New Clues to How Memories Are Made During Sleep
In the background is an entorhinal cortex neuron that was studied. The blue-green trace shows neocortical slow oscillation while the yellow trace shows the persistent activity of entorhinal cortical neuron, even when the inputs from neocortex were silent.
Credit: Mayank Mehta

While parts of the brain power down during sleep, other regions stay turned on, replaying the day's events and cementing memories.

Previous research suggested that this critical memory-making process depends on the hippocampus, sometimes called the old brain, communicating with the neocortex during sleep. But a new study shows the main interface between those two regions — the entorhinal cortex — also plays an important role in memory formation.

Mayank Mehta, a professor of neurophysics at UCLA, and his team examined these three brain regions in mice. They found that the entorhinal cortex showed what is called persistent activity even while under anesthesia. In humans, persistent activity is thought to mediate working memory while we're awake, such as when we concentrate on remembering directions or phone numbers. So the researchers were surprised to see such activity while the mice were knocked out and could not feel or smell or hear anything.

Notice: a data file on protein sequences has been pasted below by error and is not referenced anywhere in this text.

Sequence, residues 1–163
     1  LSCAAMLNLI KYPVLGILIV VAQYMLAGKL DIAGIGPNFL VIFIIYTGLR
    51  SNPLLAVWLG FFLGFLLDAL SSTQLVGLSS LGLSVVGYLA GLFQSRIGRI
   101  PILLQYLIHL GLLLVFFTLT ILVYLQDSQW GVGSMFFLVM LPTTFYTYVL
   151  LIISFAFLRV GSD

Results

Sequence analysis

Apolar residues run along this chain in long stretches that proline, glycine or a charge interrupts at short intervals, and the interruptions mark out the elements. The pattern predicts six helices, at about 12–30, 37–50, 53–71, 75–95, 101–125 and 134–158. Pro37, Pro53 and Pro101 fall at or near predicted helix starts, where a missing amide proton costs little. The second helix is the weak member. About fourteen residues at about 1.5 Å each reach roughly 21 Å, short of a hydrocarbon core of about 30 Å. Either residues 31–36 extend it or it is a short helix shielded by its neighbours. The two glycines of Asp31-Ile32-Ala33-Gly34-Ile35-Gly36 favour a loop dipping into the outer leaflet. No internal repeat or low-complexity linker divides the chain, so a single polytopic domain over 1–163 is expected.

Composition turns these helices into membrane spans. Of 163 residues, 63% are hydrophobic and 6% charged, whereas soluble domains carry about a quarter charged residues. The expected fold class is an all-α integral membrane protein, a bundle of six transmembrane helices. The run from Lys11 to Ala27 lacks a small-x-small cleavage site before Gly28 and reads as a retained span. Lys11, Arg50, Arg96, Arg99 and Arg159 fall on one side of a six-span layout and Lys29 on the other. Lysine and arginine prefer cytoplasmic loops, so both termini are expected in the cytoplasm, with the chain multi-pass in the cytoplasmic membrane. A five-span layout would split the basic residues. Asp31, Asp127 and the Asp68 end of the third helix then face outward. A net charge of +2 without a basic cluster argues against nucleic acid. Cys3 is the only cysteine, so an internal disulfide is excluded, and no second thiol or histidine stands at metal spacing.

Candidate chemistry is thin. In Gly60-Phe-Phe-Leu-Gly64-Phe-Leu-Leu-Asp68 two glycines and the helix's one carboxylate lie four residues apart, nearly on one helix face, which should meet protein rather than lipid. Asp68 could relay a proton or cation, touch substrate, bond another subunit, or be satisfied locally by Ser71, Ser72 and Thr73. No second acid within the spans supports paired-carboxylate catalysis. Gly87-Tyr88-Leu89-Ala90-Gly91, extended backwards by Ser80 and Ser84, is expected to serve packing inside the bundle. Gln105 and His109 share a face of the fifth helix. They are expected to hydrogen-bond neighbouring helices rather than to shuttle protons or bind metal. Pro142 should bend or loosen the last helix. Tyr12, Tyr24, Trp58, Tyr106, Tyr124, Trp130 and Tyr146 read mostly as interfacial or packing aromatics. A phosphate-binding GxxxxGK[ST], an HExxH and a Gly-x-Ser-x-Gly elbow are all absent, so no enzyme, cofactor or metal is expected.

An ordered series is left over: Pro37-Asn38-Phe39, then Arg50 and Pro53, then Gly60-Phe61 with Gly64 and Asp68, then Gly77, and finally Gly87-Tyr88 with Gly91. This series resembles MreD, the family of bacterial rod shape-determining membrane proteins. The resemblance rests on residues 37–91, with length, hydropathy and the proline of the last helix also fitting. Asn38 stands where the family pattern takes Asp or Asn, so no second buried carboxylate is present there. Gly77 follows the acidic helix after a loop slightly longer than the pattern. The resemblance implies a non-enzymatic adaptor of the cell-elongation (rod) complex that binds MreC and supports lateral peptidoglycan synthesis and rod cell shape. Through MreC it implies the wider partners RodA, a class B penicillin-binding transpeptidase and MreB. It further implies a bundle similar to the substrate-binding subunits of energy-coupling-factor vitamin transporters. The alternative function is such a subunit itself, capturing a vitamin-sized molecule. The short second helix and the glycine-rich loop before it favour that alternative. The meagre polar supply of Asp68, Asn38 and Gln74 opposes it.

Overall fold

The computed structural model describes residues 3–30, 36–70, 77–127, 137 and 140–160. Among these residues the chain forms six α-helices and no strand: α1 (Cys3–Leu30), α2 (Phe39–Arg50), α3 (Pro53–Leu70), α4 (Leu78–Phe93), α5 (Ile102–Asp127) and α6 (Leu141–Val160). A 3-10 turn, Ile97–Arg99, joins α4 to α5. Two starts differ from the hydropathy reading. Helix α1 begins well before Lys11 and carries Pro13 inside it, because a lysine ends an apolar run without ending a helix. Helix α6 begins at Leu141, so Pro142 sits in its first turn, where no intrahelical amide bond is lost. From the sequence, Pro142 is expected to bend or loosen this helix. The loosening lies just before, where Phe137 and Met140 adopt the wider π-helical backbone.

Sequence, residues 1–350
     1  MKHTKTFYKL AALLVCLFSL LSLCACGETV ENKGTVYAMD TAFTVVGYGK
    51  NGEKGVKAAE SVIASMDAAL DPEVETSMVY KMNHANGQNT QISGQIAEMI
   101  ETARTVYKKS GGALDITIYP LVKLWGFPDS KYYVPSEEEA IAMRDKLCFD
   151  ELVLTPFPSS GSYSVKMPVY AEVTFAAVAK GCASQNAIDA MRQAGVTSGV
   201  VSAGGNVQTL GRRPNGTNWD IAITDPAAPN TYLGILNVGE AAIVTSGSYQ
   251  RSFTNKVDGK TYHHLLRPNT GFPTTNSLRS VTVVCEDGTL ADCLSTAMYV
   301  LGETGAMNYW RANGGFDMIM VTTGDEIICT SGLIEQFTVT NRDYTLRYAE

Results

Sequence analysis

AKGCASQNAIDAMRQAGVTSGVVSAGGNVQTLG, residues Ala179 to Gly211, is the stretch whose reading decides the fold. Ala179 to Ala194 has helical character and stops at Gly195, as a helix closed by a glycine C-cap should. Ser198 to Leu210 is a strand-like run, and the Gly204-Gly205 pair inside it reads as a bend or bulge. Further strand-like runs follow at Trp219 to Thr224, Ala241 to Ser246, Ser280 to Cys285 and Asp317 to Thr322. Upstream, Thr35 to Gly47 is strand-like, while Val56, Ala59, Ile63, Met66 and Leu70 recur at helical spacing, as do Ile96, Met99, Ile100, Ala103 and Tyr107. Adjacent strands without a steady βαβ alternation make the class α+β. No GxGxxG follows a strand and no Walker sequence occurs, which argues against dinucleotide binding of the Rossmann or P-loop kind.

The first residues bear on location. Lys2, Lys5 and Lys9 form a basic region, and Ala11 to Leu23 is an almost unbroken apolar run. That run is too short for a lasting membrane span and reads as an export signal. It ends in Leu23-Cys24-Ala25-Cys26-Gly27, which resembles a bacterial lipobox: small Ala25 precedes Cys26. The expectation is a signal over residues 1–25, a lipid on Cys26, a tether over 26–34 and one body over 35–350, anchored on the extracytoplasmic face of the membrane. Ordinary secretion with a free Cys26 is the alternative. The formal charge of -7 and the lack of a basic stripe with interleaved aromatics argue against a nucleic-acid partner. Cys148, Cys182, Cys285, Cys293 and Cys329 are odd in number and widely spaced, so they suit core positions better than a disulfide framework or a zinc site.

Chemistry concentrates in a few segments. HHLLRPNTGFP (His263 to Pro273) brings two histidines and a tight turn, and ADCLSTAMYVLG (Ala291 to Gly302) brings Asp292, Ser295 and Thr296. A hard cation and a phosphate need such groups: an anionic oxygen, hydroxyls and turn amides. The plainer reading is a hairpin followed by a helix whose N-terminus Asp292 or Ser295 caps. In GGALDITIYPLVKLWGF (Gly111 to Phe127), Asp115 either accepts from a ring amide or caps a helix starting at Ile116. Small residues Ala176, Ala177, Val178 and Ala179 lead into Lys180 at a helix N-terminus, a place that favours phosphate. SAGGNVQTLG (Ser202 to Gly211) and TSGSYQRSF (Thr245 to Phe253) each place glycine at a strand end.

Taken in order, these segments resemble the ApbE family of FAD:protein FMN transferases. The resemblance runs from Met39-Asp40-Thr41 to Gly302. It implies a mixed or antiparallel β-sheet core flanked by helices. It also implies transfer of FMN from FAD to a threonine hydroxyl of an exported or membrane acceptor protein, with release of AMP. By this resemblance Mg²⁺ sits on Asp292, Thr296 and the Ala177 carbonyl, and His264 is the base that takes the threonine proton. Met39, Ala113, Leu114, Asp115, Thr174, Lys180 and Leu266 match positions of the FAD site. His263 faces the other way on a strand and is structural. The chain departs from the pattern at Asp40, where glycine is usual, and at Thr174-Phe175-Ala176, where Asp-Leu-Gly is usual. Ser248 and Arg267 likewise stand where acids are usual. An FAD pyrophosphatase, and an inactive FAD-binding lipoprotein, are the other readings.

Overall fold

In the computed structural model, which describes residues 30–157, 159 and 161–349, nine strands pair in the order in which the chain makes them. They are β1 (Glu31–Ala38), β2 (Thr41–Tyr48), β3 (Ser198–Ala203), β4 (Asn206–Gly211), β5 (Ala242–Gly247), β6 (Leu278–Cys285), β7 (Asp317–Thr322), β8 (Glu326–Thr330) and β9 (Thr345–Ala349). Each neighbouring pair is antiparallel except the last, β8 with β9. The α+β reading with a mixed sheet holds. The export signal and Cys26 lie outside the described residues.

The researchers also found that the hippocampus was not driving this process, as had been previously assumed.

Mehta's team used a sensitive monitoring system to measure the activity of single neurons in the brain, which allowed them to see how activation in the different regions spread. They found that activation in the neocortex triggered the persistent activity in the entorhinal cortex, which continued even when the neocortex became inactive. And the persistent activity in the entorhinal cortex, in turn, sparked activity in the hippocampus.

"This suggests that whatever is happening during sleep is not happening the way we thought it was," Mehta said in a statement. "There are more players involved so the dialogue is far more complex, and the direction of the communication is the opposite of what was thought."

New information about the role of the entorhinal cortex could be helpful to scientists studying Alzheimer's disease, which starts in that part of the brain, the researchers said. The study was published online Oct. 7 in the journal Nature Neuroscience.

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